Subject(s)
Animals , Cytokines , Hyaluronic Acid , Lipopolysaccharides , Mice , NF-kappa B/metabolism , Signal Transduction , Toll-Like Receptor 4
4.
Article in English | WPRIM | ID: wpr-880649

ABSTRACT

OBJECTIVES@#Human periodontal ligament cells (hPDLCs) are important source of periodontal tissue reconstruction. Under chronic inflammation, the multi-directional differentiation potential and chemotaxis in hPDLCs are decreased. Therefore, inhibiting inflammatory microenvironment and improving the functional characteristics of stem cells can better promote periodontal tissue reconstruction. This study was to investigate the effect of astaxanthin (AST) on lipopolysaccharide (LPS)-induced inflammation in hPDLCs and the underlying mechanisms.@*METHODS@#hPDLCs were isolated and cultured in vitro, and vimentin and keratin immunocytochemical staining were used to identify hPDLCs. CCK-8 assay was used to measure the effects of AST (1, 5, 10, 20, 50, 100, and 200 μmol/L) on proliferation of hPDLCs. Quantitative RT-PCR (RT-qPCR) and ELISA were used to measure the mRNA and protein expression of inflammatory factors (IL-6, IL-1β, and TNF-α) in the control (Con) group, the LPS group, and the LPS+AST (5, 10, 20, and 50 μmol/L) group. Western blotting was used to detect the protein expression of IKBα, phosphorylated IKBα (p-IKBα), and p65 in the Con group, the LPS group, the AST (20 μmol/L) group, and the LPS+AST (20 μmol/L) group. After 10 μmol/L PDTC treatment, the mRNA and protein expressions of IL-6, IL-1β, and TNF-α were detected by RT-qPCR and ELISA.@*RESULTS@#Cell morphology and immunocytochemical staining showed that the cells were in line with the characteristics of hPDLCs. Treatment with AST could promote the proliferation of hPDLCs, which reached the peak at 20 μmol/L. The mRNA and protein expressions of IL-6, IL-1β, and TNF-α in the LPS group were higher than those in the Con group (all @*CONCLUSIONS@#AST promotes the proliferation of hPDLCs, which is related to suppression of LPS-induced the secretion of inflammatory factors via inhibiting the activation of NF-κB signaling pathway.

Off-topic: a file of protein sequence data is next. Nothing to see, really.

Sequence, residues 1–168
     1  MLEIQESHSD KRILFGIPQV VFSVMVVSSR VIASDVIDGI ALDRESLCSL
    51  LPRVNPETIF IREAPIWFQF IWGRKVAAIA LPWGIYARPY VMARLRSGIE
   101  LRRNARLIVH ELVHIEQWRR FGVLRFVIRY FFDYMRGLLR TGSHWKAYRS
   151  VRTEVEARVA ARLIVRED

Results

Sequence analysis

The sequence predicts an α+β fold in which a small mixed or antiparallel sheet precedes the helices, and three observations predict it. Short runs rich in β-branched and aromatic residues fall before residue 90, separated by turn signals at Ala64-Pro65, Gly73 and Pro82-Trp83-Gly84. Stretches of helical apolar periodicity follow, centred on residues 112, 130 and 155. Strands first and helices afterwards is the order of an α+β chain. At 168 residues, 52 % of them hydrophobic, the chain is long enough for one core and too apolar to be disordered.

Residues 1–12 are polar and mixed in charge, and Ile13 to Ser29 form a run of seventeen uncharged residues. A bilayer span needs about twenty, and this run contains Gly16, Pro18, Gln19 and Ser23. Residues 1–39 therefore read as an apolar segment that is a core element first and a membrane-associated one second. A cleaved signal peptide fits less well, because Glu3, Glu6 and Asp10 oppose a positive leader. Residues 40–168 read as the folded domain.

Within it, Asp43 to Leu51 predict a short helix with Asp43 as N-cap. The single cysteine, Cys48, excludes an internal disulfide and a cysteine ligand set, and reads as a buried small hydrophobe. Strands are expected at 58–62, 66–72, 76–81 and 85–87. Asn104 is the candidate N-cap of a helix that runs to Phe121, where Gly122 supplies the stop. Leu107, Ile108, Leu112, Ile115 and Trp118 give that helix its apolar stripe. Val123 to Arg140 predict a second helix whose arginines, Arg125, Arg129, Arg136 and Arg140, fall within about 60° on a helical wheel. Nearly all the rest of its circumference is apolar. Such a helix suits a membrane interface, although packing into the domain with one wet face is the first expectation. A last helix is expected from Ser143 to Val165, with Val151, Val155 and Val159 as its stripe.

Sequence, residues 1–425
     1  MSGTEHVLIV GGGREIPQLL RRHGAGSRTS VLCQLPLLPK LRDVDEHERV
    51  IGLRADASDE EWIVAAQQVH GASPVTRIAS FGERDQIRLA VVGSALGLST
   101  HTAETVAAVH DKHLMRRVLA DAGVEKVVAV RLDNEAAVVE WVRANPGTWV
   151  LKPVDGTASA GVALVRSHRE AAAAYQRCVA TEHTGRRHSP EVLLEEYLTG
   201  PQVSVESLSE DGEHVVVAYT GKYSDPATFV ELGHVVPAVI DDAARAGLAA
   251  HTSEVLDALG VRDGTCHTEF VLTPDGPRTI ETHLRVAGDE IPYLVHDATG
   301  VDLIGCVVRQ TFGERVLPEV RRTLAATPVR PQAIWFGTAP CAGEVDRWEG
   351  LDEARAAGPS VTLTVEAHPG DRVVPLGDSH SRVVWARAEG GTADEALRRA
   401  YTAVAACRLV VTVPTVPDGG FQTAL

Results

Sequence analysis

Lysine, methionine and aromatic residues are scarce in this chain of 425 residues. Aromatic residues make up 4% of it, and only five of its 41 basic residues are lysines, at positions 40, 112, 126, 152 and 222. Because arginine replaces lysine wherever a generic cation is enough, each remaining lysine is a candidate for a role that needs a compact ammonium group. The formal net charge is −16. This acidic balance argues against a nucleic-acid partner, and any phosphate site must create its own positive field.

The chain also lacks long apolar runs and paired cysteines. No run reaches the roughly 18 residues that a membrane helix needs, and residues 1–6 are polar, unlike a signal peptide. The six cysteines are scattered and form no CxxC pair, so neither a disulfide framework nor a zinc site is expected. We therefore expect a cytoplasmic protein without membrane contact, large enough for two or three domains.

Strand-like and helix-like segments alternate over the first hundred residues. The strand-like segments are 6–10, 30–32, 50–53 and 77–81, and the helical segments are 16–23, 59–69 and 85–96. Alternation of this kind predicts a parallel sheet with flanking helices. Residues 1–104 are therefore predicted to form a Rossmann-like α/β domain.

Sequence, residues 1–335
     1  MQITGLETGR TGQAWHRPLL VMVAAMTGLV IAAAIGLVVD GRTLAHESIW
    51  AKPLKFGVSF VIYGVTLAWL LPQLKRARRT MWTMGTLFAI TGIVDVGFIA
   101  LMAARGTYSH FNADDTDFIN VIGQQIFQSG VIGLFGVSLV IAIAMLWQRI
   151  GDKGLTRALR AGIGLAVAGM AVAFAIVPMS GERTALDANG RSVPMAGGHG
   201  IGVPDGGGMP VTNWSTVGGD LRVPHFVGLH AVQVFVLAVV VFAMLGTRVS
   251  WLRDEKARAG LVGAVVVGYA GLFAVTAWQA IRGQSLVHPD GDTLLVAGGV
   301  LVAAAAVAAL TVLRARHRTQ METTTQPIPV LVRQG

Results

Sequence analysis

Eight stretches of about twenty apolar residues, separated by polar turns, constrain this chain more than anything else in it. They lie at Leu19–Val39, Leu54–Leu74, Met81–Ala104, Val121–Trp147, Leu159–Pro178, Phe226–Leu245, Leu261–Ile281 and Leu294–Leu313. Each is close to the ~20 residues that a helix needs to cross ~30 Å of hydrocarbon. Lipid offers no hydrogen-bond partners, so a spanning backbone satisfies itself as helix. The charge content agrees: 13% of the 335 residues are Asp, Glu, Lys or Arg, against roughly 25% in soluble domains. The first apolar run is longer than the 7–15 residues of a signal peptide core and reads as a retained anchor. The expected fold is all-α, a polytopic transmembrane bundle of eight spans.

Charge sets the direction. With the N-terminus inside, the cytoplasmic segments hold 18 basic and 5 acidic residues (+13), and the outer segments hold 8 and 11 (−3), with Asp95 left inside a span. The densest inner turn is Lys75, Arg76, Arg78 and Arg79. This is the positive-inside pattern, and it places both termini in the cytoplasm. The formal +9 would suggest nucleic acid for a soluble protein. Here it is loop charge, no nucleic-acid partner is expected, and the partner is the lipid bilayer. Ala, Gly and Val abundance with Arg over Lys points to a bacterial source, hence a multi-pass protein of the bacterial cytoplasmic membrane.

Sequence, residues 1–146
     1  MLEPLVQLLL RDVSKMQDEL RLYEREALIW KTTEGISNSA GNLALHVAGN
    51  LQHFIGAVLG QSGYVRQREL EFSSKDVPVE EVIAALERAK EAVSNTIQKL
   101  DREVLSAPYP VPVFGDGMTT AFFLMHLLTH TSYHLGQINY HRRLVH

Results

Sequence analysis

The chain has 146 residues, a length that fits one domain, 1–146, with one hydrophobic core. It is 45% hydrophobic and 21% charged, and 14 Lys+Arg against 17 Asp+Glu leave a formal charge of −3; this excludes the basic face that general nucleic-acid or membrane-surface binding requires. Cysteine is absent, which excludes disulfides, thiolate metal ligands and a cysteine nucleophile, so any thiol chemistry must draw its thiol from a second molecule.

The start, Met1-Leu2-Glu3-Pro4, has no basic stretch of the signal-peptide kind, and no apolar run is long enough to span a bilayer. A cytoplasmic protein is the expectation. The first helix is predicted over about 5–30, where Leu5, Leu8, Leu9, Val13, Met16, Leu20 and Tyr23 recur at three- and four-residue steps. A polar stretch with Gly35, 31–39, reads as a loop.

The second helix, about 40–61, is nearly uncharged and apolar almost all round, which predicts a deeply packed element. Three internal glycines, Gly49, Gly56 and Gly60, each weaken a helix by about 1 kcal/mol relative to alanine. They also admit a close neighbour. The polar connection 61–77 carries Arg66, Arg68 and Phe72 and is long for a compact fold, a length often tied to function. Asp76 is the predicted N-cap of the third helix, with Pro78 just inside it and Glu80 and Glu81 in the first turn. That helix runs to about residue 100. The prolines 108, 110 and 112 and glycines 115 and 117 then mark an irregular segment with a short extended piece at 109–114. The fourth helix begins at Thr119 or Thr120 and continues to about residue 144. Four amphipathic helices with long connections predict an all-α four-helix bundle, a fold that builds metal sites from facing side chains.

Subject(s)
Cells, Cultured , Humans , Inflammation/chemically induced , Lipopolysaccharides , NF-kappa B , Periodontal Ligament , Tumor Necrosis Factor-alpha/genetics , Xanthophylls
5.
Article in Chinese | WPRIM | ID: wpr-879137

ABSTRACT

The aim of this paper was to investigate the preventive and therapeutic effects of Xiaoer Feike Granules(XEFK) on chronic bronchitis in rats and its mechanism. Except for 10 rats in the blank group, the remaining 50 of the 60 SD rats were used to establish a model of chronic bronchitis induced by LPS. On the 22 nd day, the model rats were randomly divided into 5 groups according to their body weight, and administrated with purified water, Keteling Capsules 0.11 g·kg~(-1), XEFK 3.2, 1.6 and 0.8 g·kg~(-1)(the dosing concentrations were 0.32, 0.16, 0.08 g·mL~(-1), respectively). These rats took the corresponding drug orally once a day, for consecutive 21 days. The rats were anesthetized 1 hour after the last administration, and the lavage bronchus and alveoli were collected. Then, after the fixation of the smear, neutrophils were counted microscopically, and the contents of glutathione peroxidase(GSH-Px), superoxide dismutase(SOD) and malondialdehyde(MDA) in the bronchoalveolar lavage fluid(BALF) were detected by colorimetric method. Flow cytometry was used to detect the content changes of T cell subsets CD4~+, CD8~+, CD4~+/CD8~(+ )in serum. Hemorheology related indexes were detected by automatic hemorheology. Enzyme-linked immunosorbent assay(ELISA) was used to detect the contents of tumor necrosis factor-α(TNF-α), interleukin-1β(IL-1β), IL-2, IL-6 and IL-10 in serum. The expression of TNF-α and IL-10 mRNA in lung was detected by Real-time quantitative PCR(RT-qPCR). HE staining was used to observe the pathological changes in the bronchitis tissues. Compared with the model group, XEFK high and medium dose groups could significantly reduce the contents of neutrophils and MDA in bronchial lavage fluid, and increase the activities of GSH-Px and SOD in BALF, and repair the chronic inflammatory cell infiltration and lymphoid tissue hyperplasia in the bronchial mucosal layer and submucosal layer. The high-dose group could reduce the plasma viscosity of rats, but there was no statistical difference in other hemorheological indexes. CD4~+, CD8~+, CD4~+/CD8~+, IL-2 and IL-10 contents in each dose group were significantly increased, and TNF-α, IL-1β and IL-6 contents were significantly decreased in serum. Each dose group could significantly down-regulate the expression level of TNF-α mRNA in the lung and increase the expression of IL-10 mRNA. XEFK could reduce lipid peroxidation, increase the content of peripheral blood T cell subsets, regulate the release and secretion of inflammatory factors, and repair the morphological and pathological changes of bronchial tissue. Its mechanism might be related to the improvement of inflammatory response and the enhancement of immune function.


Subject(s)
Animals , Bronchitis, Chronic/drug therapy , Drugs, Chinese Herbal/pharmacology , Glutathione Peroxidase , Lipopolysaccharides , Lung , Rats , Rats, Sprague-Dawley , Tumor Necrosis Factor-alpha
6.
Article in Chinese | WPRIM | ID: wpr-879076

ABSTRACT